“There’s nothing to do!”
That’s the unofficial battle cry of the Albanian. Residents of our city have often railed about how there are so few opportunities to do things, other than go to bars and “hang out”. Unfortunately, they’re ignoring some great opportunities to support local culture.
I’ll admit it, I’ve been in that camp as well. You see, this past weekend, I had the opportunity to attend the Albany Symphony Orchestra’s Beethoven and Blue Jeans performance on Saturday. The opportunity came because my mother, Albany Journal Managing Editor Bonnie Jefferson, is one of the two surviving founding members of the symphony. She had been invited to attend as a special guest, and she asked me to go with her.
Now, I’m not generally a fan of classical music. It’s beautiful to listen to, but it just wasn’t my thing. However, the truth is, I’ve been missing out for years.
Intellectually, I knew the symphony was world class, but that still didn’t prepare me for what I was about to witness. As the performers began by putting lips to their instruments or putting bows to strings, releasing an angelic cacophony from their wooden and metallic tombs. Such diverse instruments blending together perfectly to create something so complex as to seem random, yet fit together in such a melodious way that word “random” has no place in such a discussion.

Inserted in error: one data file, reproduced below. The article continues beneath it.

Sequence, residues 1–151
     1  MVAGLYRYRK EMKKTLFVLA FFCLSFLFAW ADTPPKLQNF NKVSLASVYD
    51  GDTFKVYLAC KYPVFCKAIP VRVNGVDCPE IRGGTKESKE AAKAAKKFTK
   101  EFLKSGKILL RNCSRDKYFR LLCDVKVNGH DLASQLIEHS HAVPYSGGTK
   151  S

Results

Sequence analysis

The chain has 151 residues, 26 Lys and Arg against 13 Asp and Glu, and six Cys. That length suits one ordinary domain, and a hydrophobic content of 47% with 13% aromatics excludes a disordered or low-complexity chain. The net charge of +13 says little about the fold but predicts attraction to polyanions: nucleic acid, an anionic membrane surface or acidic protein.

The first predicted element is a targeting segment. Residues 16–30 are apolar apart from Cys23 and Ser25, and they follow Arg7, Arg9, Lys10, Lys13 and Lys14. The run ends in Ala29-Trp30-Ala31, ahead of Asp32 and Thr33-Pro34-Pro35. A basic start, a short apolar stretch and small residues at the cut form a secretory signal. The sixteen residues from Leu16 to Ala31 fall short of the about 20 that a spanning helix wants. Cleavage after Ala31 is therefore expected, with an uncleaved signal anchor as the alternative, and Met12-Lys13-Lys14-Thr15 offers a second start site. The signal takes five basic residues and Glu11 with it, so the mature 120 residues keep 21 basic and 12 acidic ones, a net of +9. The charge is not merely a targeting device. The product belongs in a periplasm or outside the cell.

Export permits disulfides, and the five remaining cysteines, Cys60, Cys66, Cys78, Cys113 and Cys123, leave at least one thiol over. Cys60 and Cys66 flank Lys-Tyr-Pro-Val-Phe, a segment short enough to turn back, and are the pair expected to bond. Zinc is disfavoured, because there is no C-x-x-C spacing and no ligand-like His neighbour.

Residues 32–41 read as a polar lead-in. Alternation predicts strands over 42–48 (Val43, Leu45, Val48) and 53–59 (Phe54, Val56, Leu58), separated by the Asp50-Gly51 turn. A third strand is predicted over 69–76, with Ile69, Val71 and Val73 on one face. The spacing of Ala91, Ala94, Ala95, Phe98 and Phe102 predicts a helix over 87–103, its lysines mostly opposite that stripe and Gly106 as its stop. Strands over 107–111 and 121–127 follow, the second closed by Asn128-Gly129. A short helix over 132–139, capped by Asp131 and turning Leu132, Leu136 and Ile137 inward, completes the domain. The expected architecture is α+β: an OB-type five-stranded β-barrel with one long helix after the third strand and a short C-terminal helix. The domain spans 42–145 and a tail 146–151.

I won’t say that I’m a “fan” of classical music, but I am clearly a fan of the Albany Symphony Orchestra. Dr. Claire Fox Hilliard and the rest of the orchestra put on a show that most Albanians are missing. Oh, they catch the Peppermint Pops from time to time, but that’s not the same thing. While they do a fantastic job playing Christmas favorites, “Rudolph the Red Nosed Reindeer” isn’t quite the same thing as Beethoven’s Fifth Symphony.
The next time you go to say that there’s nothing to do in our fair city, ask yourself if you have been doing an adequate job supporting what we do have first. Having more entertainment is all fine and good, but that isn’t going to happen if we’re not supporting what is already here. Judging from the number of empty seats I saw on Saturday night, not nearly enough people are doing that.
It’s time for the Symphony to receive your support. You will not be disappointed.